An insipid screenplay, lacklustre narration and some uninspiring performances make sure that Vetriselvan leaves no impact. Puducherry and Ooty are the places where the plot resumes pace. Three men, who are on the run from the police, choose Ooty as their hiding spot. The climax is played out in Puducherry, the setting for the background story of the trio. The trio — Vetri (Ajmal Ameer), professor Ananthakrishnan (Mano) and Ganesh (Sherief) — work in Ooty as mechanics at a workshop run by Kanja Karuppu. While Kanja makes attempts to bring in humour in the plot, the situations in the movie make it extremely difficult for the audience to have a hearty laugh.
The adventures the trio experience are depicted in a light hearted manner, with criminal lawyer Sujata (Radhika) falling for Vetri. Ajmal’s is a lifeless performance. There is a lack of involvement by the actor even when the situation in the second half turns serious. Though she’s wasted in a weak character, Radhika Apte must be given credit for her efforts and getting her lip-sync correct. The story of the trio’s past is narrated as a flashback, set in a mental health centre in Puducherry. The scenes could have added some emotional punch to the narration, but it’s clichés that are abound.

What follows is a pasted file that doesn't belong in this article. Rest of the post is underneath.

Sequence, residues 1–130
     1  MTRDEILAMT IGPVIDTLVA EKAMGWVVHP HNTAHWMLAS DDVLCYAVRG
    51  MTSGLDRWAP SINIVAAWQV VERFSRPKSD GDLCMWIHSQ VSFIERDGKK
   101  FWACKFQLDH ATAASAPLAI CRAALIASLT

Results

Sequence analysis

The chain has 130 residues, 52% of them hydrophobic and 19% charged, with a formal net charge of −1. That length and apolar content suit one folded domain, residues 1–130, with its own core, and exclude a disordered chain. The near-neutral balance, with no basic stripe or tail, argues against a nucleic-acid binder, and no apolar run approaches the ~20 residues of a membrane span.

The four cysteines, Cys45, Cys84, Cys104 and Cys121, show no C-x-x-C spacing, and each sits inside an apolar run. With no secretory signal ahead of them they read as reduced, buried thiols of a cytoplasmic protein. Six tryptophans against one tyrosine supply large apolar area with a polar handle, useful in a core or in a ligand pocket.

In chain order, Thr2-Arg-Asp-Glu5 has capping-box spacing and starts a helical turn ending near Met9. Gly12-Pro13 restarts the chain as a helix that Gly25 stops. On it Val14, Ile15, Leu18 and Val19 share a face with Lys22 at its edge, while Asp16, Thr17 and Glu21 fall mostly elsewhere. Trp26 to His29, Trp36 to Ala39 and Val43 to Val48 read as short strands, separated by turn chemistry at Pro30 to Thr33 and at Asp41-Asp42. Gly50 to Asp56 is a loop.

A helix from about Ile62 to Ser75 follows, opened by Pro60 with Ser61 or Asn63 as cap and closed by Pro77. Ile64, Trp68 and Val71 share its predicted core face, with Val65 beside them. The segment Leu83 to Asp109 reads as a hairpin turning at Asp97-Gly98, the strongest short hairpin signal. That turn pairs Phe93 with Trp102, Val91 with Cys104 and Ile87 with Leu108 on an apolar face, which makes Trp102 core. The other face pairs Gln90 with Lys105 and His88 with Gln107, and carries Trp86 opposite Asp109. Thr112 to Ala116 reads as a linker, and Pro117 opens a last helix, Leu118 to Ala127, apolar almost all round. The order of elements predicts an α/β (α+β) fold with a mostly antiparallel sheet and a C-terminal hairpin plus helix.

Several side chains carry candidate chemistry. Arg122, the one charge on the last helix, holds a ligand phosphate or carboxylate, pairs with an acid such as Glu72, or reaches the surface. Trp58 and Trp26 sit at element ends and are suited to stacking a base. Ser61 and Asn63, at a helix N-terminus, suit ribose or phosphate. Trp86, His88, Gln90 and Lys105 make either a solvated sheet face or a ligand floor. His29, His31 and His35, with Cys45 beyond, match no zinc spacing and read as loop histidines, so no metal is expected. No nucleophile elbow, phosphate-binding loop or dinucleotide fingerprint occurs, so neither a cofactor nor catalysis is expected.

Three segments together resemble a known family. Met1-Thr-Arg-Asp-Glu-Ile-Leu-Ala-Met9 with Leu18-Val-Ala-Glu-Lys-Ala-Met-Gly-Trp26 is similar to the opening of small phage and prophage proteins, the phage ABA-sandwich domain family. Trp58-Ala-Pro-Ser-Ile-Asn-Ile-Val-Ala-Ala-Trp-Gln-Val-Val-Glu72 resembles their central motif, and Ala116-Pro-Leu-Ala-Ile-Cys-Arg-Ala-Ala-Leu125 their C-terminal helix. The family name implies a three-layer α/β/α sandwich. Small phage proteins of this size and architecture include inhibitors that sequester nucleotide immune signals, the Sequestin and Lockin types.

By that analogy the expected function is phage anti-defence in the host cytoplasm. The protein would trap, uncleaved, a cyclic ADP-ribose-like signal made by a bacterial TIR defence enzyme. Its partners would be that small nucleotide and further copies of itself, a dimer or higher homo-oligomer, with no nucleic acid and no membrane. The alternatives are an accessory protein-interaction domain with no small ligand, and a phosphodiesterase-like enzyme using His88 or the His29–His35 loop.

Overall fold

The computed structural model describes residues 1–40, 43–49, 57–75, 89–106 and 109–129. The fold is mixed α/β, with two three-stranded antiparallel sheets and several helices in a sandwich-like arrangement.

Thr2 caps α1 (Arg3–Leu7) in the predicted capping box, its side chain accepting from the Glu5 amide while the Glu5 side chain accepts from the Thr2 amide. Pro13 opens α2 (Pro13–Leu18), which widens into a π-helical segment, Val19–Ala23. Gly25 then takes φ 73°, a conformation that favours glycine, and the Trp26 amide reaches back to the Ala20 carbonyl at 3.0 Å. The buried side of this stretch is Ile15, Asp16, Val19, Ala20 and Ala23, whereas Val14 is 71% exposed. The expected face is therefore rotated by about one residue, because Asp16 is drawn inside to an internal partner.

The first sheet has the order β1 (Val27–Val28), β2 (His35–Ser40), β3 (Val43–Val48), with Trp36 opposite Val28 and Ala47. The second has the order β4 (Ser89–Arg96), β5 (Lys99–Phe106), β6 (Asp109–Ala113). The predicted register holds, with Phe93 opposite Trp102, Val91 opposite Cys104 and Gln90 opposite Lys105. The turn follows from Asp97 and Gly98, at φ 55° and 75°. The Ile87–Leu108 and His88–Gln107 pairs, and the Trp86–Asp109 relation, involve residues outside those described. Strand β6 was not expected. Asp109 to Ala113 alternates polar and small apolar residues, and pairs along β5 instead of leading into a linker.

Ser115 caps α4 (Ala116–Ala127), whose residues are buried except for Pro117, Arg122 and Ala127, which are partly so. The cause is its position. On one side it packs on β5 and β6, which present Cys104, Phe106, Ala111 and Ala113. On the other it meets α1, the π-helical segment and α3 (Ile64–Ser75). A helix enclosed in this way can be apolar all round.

Unscrupulous doctors, organ-trade racket and apathy to the mental health of patients — all form part of the scenario. There are just a couple of passable moments in the film. One is the landslide at Ooty which seems real. The other is the twist in the story and a portion of unholy happenings at the centre. If any actor manages to make an impact despite the insipid proceedings, it’s Azhagam Perumal as the warden of the centre. Vetriselvan offers nothing new or exciting to the audience.